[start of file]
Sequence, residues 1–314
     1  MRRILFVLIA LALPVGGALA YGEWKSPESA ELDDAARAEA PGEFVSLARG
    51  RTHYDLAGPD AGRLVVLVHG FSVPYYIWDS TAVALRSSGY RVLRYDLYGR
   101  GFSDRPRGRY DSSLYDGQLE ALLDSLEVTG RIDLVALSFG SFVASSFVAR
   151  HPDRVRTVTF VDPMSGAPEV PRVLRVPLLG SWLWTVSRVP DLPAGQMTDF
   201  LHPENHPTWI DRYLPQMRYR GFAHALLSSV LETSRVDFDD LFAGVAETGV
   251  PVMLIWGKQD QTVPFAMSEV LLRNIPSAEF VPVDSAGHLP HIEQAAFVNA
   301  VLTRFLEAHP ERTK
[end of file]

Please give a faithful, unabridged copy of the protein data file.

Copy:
Sequence, residues 1–314
     1  MRRILFVLIA LALPVGGALA YGEWKSPESA ELDDAARAEA PGEFVSLARG
    51  RTHYDLAGPD AGRLVVLVHG FSVPYYIWDS TAVALRSSGY RVLRYDLYGR
   101  GFSDRPRGRY DSSLYDGQLE ALLDSLEVTG RIDLVALSFG SFVASSFVAR
   151  HPDRVRTVTF VDPMSGAPEV PRVLRVPLLG SWLWTVSRVP DLPAGQMTDF
   201  LHPENHPTWI DRYLPQMRYR GFAHALLSSV LETSRVDFDD LFAGVAETGV
   251  PVMLIWGKQD QTVPFAMSEV LLRNIPSAEF VPVDSAGHLP HIEQAAFVNA
   301  VLTRFLEAHP ERTK